At one point, there were 188 students, faculty and employees picketing alongside Sierra Center on Darby Street for a little over an hour to protest CSU contract negotiations, a possible rise in student fees and executive perks.
Chants such as “Hey, hey what do you say? Give us a contract right away! Hey, hey what do you say? We want classes right away! Hey, hey don’t delay! Stop the perks right away!” and signs reading, “Fund more classes, not exec asses!” dominated the sidewalk. The crowd and their message received honks from passing cars and curious looks from uninformed students.
There are 1,800 faculty members on campus and the California Faculty Association represents them all in spite of the fact that not all are registered in the union.
“On CSUN’s campus, the majority of tenure track faculty and part-time faculty with multiple year contracts are registered with CFA,” said Audrena Redmond, a CFA staff member.
“Whether or not they’re part of the union, no one would disagree our salaries are abysmal,” said David Diaz, an assistant professor of urban studies and planning.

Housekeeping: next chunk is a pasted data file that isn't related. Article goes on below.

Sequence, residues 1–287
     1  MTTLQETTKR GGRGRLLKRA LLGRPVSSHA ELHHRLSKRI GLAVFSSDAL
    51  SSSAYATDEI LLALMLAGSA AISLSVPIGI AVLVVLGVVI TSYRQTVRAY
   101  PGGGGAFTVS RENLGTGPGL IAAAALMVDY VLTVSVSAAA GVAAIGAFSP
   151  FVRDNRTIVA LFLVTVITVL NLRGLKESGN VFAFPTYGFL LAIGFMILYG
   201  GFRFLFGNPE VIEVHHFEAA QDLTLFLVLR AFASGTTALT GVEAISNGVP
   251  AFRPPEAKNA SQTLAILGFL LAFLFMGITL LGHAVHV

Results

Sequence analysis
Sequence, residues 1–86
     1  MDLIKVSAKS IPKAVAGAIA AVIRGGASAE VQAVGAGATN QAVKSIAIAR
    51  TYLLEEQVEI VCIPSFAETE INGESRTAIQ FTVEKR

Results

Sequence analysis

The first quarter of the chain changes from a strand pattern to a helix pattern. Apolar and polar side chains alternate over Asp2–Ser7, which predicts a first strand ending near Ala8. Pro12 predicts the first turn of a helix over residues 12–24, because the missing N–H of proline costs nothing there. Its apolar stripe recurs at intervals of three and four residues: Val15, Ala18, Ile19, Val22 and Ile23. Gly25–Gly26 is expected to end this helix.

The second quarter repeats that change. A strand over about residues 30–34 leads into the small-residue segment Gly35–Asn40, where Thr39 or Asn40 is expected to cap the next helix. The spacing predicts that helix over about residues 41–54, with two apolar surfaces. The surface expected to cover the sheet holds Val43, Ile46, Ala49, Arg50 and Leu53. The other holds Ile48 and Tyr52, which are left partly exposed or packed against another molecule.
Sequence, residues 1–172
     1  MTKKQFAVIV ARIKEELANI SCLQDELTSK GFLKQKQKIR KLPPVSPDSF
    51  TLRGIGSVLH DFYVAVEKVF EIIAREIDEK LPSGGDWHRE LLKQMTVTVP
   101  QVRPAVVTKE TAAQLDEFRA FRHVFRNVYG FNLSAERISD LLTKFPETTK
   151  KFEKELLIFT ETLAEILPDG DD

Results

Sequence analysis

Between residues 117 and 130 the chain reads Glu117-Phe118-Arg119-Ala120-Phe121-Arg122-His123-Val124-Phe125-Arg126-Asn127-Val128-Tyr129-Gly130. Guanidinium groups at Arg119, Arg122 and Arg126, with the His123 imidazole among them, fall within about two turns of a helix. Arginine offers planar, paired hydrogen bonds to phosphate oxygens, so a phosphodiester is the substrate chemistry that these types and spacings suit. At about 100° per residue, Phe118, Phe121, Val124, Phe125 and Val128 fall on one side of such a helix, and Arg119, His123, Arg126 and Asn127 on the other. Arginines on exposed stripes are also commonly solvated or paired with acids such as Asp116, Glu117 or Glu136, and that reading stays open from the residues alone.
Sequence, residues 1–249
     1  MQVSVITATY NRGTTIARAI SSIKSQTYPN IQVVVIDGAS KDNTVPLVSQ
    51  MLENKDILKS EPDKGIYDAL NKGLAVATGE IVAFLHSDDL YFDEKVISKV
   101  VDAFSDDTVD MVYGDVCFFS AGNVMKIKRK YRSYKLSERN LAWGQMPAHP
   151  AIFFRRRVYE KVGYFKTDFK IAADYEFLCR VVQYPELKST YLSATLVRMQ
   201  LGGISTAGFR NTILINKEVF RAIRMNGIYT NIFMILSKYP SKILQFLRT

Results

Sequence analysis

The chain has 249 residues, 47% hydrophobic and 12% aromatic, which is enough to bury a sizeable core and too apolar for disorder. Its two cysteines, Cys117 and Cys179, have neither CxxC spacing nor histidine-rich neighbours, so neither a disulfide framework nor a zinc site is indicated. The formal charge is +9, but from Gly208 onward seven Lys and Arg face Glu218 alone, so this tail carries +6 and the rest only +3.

Currently, contract negotiations have been in limbo for 28 months leaving professors, coaches, librarians, counselors, teachers and athletic trainers to wonder how many more months their salary and benefits will be in the air.
“This is the third time in the eight years I’ve been here that these same issues come up in the debate over our contracts,” Diaz said. “It’s frustrating for mid-level faculty and very costly for the CSU who has to hire people for the mediation and fact-finding.”
The CSU and CFA will meet this weekend to go over the fact-finding results, but neither party has to accept their recommendations. If there is still no contract agreement, then faculty can legally go on strike.
A group of four students having lunch in the Sierra Center facing the demonstration said they support the CFA completely.
“We want to graduate on time this spring and we wouldn’t mind lower fees,” a fourth-year kinesiology student said. “If they go on strike, that would definitely affect me.”
M.E.Ch.A. President and Chicano/a Studies major Karina Ceja said she came to picket because of similar reasons.